In March, the Department notified some former students that because the average earnings of Corinthian students who attended their program were not less than half of the average earnings of some unspecified group of students who went to a different, non-Corinthian school, they must repay a portion of their invalid loans. In coming up with this murky and convoluted calculation, the Department secretly and illegally gathered information about borrowers’ earnings from the Social Security Administration. Perversely, the Department obtained the data from SSA pursuant to an information sharing agreement entered into for the purpose of protecting the public from predatory institutions like Corinthian by publishing “gainful employment” metrics.

In a groundbreaking May 26 decision, the judge granted a preliminary injunction stopping the Department of Education from applying this illegal “average earnings rule” and ordered the Department to stop collecting on the plaintiffs’ loans. In response to that ruling, the Department refused to stop collecting from the thousands of borrowers hurt by its illegal actions and whose applications for relief it had adjudicated under its illegal rule, and only stopped collecting on the loans of the four named plaintiffs who represent the class in the case. The judge again rebuked the Department, rejecting its unreasonable and narrow interpretation of the May 26 ruling and clarifying that the order to stop collecting means that the Department must stop collecting loans from all individuals whose loans are tainted by Corinthian’s fraud.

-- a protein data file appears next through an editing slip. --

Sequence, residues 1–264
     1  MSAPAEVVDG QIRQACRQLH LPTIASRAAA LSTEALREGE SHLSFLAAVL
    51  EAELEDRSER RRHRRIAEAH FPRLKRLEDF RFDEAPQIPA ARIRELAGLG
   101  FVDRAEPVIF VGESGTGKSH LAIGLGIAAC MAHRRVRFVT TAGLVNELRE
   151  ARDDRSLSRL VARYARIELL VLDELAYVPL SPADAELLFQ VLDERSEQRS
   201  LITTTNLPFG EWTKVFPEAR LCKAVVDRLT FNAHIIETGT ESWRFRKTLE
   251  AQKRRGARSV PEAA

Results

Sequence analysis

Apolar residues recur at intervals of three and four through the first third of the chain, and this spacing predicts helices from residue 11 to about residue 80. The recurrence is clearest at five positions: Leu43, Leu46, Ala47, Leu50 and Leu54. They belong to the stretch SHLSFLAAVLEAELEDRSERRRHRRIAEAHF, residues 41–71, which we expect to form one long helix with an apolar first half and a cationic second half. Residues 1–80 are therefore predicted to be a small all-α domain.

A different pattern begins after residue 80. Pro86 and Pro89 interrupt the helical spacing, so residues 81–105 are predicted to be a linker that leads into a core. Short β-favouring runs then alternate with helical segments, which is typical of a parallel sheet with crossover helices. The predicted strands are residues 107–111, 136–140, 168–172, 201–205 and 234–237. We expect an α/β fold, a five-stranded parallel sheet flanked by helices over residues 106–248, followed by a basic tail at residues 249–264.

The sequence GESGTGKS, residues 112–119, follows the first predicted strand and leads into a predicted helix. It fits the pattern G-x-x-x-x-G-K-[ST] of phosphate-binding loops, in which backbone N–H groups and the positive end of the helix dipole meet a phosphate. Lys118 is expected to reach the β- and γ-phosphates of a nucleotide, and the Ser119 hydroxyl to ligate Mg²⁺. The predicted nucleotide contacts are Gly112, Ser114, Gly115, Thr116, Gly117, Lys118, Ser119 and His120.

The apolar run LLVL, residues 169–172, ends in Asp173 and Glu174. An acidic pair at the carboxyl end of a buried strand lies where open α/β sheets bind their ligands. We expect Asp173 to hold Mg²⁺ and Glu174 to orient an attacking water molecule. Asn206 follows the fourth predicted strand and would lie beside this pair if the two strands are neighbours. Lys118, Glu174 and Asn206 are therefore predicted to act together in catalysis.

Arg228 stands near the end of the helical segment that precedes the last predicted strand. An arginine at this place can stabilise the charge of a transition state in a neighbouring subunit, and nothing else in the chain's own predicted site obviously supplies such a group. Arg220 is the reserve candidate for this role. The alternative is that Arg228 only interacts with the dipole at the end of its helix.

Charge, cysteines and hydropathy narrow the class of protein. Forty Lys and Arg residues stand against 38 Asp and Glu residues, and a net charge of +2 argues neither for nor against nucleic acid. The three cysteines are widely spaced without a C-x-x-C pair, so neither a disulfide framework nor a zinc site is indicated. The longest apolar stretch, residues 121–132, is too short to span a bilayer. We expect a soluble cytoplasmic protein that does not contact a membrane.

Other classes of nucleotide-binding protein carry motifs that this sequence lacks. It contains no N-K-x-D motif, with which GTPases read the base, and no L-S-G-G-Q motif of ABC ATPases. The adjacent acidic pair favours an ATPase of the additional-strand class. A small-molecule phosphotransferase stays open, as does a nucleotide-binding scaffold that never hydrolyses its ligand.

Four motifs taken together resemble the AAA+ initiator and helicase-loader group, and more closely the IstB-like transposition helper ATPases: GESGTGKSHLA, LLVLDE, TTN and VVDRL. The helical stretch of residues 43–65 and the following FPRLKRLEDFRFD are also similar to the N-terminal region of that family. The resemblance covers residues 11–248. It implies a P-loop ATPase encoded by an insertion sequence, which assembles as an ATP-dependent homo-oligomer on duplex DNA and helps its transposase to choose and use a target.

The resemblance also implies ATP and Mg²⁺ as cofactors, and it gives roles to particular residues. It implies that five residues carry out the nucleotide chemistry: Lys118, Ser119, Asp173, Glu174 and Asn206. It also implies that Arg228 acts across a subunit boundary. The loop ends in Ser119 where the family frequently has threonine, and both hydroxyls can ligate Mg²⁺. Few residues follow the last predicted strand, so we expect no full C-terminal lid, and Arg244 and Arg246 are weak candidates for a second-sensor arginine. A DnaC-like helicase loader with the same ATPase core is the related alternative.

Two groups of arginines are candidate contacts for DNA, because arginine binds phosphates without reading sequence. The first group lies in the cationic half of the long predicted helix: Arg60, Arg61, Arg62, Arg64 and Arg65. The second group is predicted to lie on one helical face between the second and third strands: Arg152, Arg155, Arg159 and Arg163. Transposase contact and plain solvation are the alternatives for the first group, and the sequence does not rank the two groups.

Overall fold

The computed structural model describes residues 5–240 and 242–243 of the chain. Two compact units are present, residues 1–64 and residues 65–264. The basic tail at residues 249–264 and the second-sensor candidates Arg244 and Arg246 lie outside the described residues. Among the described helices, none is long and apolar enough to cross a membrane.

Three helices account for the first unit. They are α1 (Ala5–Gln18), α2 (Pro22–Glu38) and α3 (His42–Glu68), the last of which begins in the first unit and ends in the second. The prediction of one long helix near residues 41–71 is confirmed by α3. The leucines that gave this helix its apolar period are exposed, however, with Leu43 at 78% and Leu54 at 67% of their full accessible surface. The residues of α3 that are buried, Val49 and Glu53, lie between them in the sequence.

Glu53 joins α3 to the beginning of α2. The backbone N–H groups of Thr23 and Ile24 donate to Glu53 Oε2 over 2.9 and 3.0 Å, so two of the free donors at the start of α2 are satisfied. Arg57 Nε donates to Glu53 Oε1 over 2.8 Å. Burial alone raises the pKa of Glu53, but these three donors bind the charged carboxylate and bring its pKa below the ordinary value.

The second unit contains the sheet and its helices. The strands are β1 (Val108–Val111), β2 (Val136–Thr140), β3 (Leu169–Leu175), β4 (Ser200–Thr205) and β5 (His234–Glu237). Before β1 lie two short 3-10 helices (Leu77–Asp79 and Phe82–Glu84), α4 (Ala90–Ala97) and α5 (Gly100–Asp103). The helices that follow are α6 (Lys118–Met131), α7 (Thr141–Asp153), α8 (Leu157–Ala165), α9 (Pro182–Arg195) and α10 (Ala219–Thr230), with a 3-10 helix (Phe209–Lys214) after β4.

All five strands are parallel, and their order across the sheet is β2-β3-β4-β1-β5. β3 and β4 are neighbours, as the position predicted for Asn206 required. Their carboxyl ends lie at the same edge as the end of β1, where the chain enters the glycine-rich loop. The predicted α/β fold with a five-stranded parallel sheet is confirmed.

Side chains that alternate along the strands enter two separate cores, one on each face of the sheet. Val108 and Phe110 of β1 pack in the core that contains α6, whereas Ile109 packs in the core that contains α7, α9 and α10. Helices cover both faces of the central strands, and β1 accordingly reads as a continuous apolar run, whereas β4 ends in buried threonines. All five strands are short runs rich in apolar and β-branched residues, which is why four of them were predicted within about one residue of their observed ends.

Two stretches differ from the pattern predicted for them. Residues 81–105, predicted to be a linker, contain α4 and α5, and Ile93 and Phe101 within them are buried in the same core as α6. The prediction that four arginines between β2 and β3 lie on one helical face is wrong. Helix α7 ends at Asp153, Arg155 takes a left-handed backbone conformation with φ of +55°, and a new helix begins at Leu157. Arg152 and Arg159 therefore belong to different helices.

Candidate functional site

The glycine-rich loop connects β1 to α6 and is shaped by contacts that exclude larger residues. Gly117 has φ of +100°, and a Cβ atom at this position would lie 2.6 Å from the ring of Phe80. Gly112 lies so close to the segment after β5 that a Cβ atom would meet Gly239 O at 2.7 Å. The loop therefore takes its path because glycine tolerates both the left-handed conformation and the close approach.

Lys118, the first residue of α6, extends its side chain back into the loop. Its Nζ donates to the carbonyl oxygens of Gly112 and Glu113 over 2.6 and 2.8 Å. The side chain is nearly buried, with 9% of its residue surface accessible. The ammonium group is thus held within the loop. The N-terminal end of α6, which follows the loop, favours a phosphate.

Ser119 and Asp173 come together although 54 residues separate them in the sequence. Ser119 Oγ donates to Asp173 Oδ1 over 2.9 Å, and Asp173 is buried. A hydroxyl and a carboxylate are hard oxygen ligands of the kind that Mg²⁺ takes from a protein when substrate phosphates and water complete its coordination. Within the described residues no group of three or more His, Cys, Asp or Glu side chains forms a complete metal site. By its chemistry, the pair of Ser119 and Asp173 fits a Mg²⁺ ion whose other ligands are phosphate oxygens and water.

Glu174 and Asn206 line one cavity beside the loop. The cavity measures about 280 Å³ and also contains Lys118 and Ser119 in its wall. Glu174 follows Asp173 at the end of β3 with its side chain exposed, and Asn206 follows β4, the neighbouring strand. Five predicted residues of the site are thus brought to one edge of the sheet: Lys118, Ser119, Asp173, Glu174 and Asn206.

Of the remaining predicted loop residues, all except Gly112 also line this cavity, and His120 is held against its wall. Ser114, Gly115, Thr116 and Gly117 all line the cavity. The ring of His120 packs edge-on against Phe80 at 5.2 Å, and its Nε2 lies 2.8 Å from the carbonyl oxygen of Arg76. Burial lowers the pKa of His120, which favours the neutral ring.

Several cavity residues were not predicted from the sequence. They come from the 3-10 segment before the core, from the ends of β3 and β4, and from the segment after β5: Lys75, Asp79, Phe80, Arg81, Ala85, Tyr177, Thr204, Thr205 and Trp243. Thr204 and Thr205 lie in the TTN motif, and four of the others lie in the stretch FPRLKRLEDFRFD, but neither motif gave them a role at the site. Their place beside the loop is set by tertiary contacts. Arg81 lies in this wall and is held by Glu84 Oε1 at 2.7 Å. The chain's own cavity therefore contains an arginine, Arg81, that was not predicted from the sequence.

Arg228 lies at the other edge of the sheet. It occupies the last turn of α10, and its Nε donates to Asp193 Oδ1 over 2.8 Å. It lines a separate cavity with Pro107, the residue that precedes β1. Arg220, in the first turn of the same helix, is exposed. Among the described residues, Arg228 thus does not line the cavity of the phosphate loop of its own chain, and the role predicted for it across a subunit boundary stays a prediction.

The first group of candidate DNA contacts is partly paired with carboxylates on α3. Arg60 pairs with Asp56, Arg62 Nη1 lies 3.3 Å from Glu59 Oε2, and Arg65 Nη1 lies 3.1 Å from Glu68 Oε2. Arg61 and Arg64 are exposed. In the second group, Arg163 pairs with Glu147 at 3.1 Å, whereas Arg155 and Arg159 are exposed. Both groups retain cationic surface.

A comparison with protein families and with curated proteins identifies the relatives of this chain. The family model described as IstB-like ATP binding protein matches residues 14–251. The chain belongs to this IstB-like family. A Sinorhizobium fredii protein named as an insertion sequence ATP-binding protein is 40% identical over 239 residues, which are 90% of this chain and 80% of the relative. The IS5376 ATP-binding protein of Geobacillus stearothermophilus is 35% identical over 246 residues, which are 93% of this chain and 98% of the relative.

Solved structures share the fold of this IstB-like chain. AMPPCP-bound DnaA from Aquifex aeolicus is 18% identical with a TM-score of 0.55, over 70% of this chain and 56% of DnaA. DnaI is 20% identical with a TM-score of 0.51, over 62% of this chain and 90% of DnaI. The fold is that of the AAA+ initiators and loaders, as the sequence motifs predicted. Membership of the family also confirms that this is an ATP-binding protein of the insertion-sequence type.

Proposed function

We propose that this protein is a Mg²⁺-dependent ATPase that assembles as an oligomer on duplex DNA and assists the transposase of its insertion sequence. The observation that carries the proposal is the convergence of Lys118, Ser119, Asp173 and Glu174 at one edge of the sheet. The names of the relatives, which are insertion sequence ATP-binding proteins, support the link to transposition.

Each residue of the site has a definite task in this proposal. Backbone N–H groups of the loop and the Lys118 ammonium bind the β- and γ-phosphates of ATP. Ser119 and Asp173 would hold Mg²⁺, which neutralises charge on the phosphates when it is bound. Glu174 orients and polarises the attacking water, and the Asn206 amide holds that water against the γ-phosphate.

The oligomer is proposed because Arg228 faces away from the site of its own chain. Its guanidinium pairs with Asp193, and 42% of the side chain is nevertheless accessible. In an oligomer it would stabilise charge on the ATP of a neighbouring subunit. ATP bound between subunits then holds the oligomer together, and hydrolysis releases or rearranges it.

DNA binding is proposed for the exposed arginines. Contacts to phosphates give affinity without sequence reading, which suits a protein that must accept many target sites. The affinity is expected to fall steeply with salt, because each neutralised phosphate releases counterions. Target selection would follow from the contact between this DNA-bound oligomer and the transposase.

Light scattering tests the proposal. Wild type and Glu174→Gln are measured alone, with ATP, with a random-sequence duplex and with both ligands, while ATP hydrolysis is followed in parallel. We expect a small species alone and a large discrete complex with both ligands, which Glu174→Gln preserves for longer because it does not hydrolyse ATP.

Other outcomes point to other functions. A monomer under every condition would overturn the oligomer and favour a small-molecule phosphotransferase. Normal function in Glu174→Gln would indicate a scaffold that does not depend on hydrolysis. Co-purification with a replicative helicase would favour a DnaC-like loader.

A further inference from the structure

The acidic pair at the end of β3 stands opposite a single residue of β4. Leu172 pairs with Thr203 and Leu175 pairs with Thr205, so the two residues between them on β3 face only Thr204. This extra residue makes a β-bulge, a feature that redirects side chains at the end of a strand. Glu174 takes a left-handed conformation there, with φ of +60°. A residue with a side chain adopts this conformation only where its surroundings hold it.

For more information about the case and the  preliminary injunction, click here.

The borrowers are represented by the Project on Predatory Student Lending of the Legal Services Center of Harvard Law School and Housing and Economic Rights Advocates (HERA).

 

About the Project on Predatory Student Lending

Established in 2012, the Project on Predatory Student Lending represents former students of predatory for-profit colleges. Its mission is to litigate to make it legally and financially impossible for federally-funded predatory schools to cheat students and taxpayers.

The Project has brought a wide variety of cases on behalf of former students of for-profit colleges. It has sued the federal Department of Education for its failures to meet its legal obligation to police this industry and stop the perpetration and collection of fraudulent student loan debt.